I've learned that one of the toughest parts of finding out you are HIV-positive can be the loneliness you feel. Or at least, that’s how I felt after playing I’m Positive, a short, text-based video game for Windows, OS X, and Linux. In the game you play as Tim, an average guy shooting hoops who learns that his ex-girlfriend was recently diagnosed with HIV.
The game takes you through the panic Tim feels. At one point you have to calm Tim down by pressing on his heart and lungs to slow his breathing. When you go for the confirmatory test at the free clinic, you can choose to watch your blood be taken or look out the window. The nurse there gives thorough, non-judgmental answers to common questions like “How could this happen?” or “What is a viral load?”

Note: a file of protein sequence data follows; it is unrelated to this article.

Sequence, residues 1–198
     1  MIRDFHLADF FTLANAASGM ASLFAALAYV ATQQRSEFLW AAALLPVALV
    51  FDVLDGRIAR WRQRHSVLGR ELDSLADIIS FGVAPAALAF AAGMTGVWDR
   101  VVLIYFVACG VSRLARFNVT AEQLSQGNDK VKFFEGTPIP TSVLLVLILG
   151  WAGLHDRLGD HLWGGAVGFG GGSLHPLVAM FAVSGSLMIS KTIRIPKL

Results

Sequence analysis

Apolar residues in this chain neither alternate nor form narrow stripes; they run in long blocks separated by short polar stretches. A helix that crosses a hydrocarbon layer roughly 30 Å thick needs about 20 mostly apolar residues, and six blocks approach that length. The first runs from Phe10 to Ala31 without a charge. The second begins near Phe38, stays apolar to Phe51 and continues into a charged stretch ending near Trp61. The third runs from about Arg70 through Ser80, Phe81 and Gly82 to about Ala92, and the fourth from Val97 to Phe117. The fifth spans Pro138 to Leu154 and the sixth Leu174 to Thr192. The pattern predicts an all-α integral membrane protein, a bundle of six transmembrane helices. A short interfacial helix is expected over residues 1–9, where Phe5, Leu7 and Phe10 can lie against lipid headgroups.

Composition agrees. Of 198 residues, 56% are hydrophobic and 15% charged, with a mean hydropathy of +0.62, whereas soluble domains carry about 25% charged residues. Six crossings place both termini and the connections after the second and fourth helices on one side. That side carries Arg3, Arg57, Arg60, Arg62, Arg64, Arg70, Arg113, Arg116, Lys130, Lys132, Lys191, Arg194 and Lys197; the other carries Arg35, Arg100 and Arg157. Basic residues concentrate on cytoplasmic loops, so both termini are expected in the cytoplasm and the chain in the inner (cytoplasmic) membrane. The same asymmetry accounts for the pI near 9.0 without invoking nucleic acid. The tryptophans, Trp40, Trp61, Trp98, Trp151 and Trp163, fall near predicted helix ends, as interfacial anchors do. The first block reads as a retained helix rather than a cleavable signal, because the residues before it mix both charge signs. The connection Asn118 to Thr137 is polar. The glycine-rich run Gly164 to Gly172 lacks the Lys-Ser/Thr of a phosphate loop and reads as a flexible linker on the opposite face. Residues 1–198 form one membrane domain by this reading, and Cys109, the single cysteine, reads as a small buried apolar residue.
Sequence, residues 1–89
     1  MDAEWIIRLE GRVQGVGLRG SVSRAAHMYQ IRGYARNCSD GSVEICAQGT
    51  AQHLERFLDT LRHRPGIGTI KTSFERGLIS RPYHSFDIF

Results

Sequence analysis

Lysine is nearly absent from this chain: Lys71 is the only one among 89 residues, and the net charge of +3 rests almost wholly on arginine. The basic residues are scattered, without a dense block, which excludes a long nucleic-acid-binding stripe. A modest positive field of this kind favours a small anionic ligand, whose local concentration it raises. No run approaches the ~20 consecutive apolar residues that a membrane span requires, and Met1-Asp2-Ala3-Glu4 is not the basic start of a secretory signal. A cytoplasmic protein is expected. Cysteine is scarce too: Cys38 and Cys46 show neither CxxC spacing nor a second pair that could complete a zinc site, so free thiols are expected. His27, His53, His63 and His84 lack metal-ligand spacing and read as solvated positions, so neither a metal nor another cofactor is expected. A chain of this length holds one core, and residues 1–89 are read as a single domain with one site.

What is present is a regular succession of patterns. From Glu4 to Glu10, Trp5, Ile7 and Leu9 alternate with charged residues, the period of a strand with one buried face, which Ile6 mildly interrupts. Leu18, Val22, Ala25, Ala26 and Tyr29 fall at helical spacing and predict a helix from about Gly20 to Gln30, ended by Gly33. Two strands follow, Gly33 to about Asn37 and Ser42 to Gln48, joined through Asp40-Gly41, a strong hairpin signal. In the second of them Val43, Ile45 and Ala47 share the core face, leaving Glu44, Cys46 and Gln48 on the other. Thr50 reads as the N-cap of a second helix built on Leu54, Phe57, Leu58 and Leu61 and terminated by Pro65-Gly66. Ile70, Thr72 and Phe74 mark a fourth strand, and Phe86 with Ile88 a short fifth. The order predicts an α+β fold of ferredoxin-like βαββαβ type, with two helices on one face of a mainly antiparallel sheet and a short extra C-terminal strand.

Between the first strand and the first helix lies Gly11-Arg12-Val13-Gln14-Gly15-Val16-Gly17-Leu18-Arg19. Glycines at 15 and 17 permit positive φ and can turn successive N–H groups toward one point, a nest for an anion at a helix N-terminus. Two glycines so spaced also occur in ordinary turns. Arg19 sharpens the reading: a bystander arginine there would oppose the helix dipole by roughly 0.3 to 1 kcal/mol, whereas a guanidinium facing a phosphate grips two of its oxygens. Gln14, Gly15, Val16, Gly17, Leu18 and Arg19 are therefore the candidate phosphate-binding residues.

The graphics and music may be crude, and the text screens did give me flashbacks to my Oregon Trail days, but the information and experience is solid. It is a simple game but very effective at increasing awareness of HIV, encouraging testing, and dispelling common misconceptions, such as, you can only get HIV if you are gay or an injection drug user.
The Centers for Disease Control and Prevention and Health and Human Services agreed: I’m Positive was a top five winner of the CDC- and HHS-sponsored 2014 Games for Health Game Jam. The team of four creators – Stephen Borden, Ilya Polyakov, Ali Yildirim, and Stephanie Chergi – participated in the jam, an event brings together gamers to come up with innovative video games to educate the public on health issues.
The game is temporarily unavailable while the CDC studies the efficacy of the game, but you can check out the game trailer below.